In accordance with the provisions of the Act, the first general meeting of the company was held on 7 May,1803, at the King's Arms Inn at Croydon, with George Tritton in the chair. The Act was read, and it was -ppsolvfid that it be carried into execution as soon as possible. Thirty-four subscribers were appointed to be a committee of management. - Of these, 18 were also shareholders of the Surrey Iron Railway, and the remainder were mostly local landowners and "businessmen, notably Hylton Jolliffe and William John Jolliffe. An interesting addition was that of three members of the Barclay family of bankers, and their inclusion was probably due to the influence of George Tritton. His elder brother, John Henton Tritton, after working in his grandfather's bank, had joined Barclay and Company in 1782, and became a partner in 1783. In the same year he married Mary, daughter of his partner John Barclay.

This firm, by this time titled Barclay, Tritton and Sevan, was appointed as bankers to the railway company, and John Henton Tritton nominated as treasurer. William Bedcott Luttly was confirmed in his post as clerk and solicitor, and William Jessop as consulting engineer. An initial call of 10 per share, including a deposit of 3, already paid, was made on the shareholders, to be paid by 1 July.[1]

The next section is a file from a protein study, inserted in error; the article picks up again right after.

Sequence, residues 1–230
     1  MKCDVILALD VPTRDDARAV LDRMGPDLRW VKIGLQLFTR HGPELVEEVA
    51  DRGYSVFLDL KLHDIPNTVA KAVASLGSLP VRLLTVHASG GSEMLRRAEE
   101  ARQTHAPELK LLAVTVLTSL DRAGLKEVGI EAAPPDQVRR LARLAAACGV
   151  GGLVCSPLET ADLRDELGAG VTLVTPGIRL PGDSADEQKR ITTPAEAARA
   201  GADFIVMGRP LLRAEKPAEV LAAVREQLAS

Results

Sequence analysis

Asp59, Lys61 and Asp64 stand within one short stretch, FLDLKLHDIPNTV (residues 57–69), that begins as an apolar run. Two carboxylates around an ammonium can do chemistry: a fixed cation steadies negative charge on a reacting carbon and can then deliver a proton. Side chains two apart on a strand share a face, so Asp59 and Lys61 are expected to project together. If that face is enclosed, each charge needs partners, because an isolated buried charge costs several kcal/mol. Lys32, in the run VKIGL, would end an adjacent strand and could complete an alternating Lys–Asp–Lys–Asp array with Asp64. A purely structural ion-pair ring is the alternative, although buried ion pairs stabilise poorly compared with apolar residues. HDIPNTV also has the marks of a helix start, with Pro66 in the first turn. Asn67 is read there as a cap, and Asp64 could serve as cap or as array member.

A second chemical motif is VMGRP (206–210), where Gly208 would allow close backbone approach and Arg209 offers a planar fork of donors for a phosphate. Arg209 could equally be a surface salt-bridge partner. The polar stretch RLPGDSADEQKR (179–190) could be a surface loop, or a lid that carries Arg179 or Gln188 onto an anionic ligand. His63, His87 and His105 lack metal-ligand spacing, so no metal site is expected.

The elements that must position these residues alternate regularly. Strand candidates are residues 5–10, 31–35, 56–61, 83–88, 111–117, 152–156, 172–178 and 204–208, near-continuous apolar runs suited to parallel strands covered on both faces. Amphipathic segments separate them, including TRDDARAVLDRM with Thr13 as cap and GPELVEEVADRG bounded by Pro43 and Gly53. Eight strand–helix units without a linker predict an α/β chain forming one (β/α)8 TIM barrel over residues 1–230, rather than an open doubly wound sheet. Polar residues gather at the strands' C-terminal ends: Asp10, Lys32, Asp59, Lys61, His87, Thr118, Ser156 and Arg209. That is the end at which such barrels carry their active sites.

Two weeks later, the company advertised for tenders for "the forming of the Ground, furnishing Materials, and executing the necessary Work for the Iron Railway intended to be made from Croydon to Merstham and Godstone", to be delivered to Luttly on or before 18 July.[2]

This advertisement indicates a curtailment of the route which had been authorised, in that the section from Merstham to Reigate was omitted. This decision was probably made while the Bill was passing through, which may account for the fact that "Reigate" does not appear in the name of the company, and was presumably due to a shortage of subscriptions. Jessop's Parliamentary estimate for the railway was 52,347, but only 43,600 had been subscribed for at the time of the petition for the Bill. It seems curious that it was this section that was relinquished rather than the branch from Merstham- to Godstone, insofar as the promotion of the London to Portsmouth Railway, via Reigate, was still "being pursued.

In fact, the branch to Godstone seems to be a curious conception altogether. There was little commercial justification for it. It did not go conveniently near the fullers' earth pits at Nutfield, and was to stop about a mile short of the stone mines at Godstone. It had apparently survived as the first part of the branch from Merstham to Lindfield, described in the earliest proposals of 1801. In the event, this branch was also abandoned.

Presumably the tenders received for the line as advertised were in excess of the building fund, so it was decided to "build only as far as the junction point, at the Merstham lime works and stone mines. The successful tenderer was Outram and Company (the name was later changed to the Butterley Company), with an offer of 36,350, which included for supplying all the materials and carrying out all the work.[3]

The first consignment of 406 rails was dispatched on 22 August, 1803, and further deliveries were made at approximately fortnightly intervals throughout the duration of the contract. On 13 September, twelve wheels 21 inches in diameter together with twelve axles were sent.